is not found on a certain FO, it is looked for at the parent. 

Regards,
Simon Pepping

-- 
Simon Pepping
home page: http://www.leverkruid.nl



RE: [PATCH] Support for percentages and table-units

2004-02-21 Thread Andreas L. Delmelle
 -Original Message-
 From: Peter B. West [mailto:[EMAIL PROTECTED]


 Thanks Andreas.  Yes, I disagree, but then, so does the spec.  What
 information *should* do is not terribly relevant.  We need to work out
 and express what information *must* do to get this thing working.


Voila! Without worrying too much about textbook 'should'-stuff... It is
after all *XSL*-FO, so I guess the basic compliance rule is also for FO
processors: 'the order of the processing events doesn't matter at all, as
long as the produced output is correct.'

  [Me:]
  ... Would it really be worth a shot to change the design
  there, and flip a switch? Throw the FOTree away and just fill up
  the AT and re-use that?

 Or process the minimal relevant parts of the FO and Area trees in
 parallel.  That is what I am working towards.  I believe that
 page-at-a-time layout with just in time processing of the FOs is
 possible.  Given that, both FOs and Areas can be kept alive while
 required.  (I haven't given any thought to rendering.)

Indeed. When I began thinking about 'borderline-cases', it became clearer
that situations where you need to wait for more than one page to complete
the layout are rather exceptional anyway, so it's most likely the better
option to treat them as what they are: 'an exception to the general
processing flow' (--IOW, not *all* theoretical possibilities implied by the
definitions in the spec should be covered by the *basic* processing
framework).

 Note that forward references are always going to be a problem, but that a
 combination of weak/soft/phantom references and serialization should
 keep memory requirements manageable.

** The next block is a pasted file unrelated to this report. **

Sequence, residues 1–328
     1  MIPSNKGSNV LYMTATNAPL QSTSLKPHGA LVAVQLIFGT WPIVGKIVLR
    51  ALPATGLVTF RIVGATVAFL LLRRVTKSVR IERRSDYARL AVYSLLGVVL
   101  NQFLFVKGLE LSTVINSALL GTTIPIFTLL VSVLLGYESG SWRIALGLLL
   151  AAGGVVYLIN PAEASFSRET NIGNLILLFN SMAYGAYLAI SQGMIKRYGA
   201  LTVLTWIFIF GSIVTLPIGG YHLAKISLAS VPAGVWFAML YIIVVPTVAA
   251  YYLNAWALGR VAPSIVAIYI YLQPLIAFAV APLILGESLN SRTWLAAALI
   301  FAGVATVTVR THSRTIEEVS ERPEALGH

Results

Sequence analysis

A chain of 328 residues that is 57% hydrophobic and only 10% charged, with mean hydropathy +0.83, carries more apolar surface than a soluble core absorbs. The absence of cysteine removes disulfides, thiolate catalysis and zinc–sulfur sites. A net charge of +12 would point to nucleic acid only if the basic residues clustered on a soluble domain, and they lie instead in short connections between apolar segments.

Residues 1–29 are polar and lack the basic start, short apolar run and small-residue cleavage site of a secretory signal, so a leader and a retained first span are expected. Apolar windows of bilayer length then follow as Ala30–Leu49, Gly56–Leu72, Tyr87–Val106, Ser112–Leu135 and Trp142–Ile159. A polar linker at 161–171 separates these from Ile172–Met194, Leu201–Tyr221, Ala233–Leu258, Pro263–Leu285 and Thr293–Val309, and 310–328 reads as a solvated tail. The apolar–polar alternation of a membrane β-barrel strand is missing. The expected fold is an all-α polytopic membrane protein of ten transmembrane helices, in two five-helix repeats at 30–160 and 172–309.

That's where your producer-consumer buffers step in, right?

So.. by 'minimal relevant parts' you actually mean something as 'reduced
skeletons of subtrees' that in themselves provide a way to pull the events
generated by their descendants from the buffer, without themselves actually
holding a reference to the descendants, so while the ancestor is being kept
alive, the descendants can be happily collected by our friend GC if no
longer used by another process, while the ancestor remains at our disposal
to re-pull the same events from the buffer if/when they are needed.

Is this close?

Cheers,

Andreas



Re: [PATCH] Support for percentages and table-units

2004-02-21 Thread Peter B. West


Andreas L. Delmelle wrote:
-Original Message-
From: Peter B. West [mailto:[EMAIL PROTECTED]


Thanks Andreas.  Yes, I disagree, but then, so does the spec.  What
information *should* do is not terribly relevant.  We need to work out
and express what information *must* do to get this thing working.


Voila! Without worrying too much about textbook 'should'-stuff... It is
after all *XSL*-FO, so I guess the basic compliance rule is also for FO
processors: 'the order of the processing events doesn't matter at all, as
long as the produced output is correct.'

[Me:]
... Would it really be worth a shot to change the design
there, and flip a switch? Throw the FOTree away and just fill up
the AT and re-use that?
Or process the minimal relevant parts of the FO and Area trees in
parallel.  That is what I am working towards.  I believe that
page-at-a-time layout with just in time processing of the FOs is
possible.  Given that, both FOs and Areas can be kept alive while
required.  (I haven't given any thought to rendering.)


Indeed. When I began thinking about 'borderline-cases', it became clearer
that situations where you need to wait for more than one page to complete
the layout are rather exceptional anyway, so it's most likely the better
option to treat them as what they are: 'an exception to the general
processing flow' (--IOW, not *all* theoretical possibilities implied by the
definitions in the spec should be covered by the *basic* processing
framework).
The borderline cases may be very much in the minority (and must be, 
judging by the degree of usage that FOP gets now) but they must be taken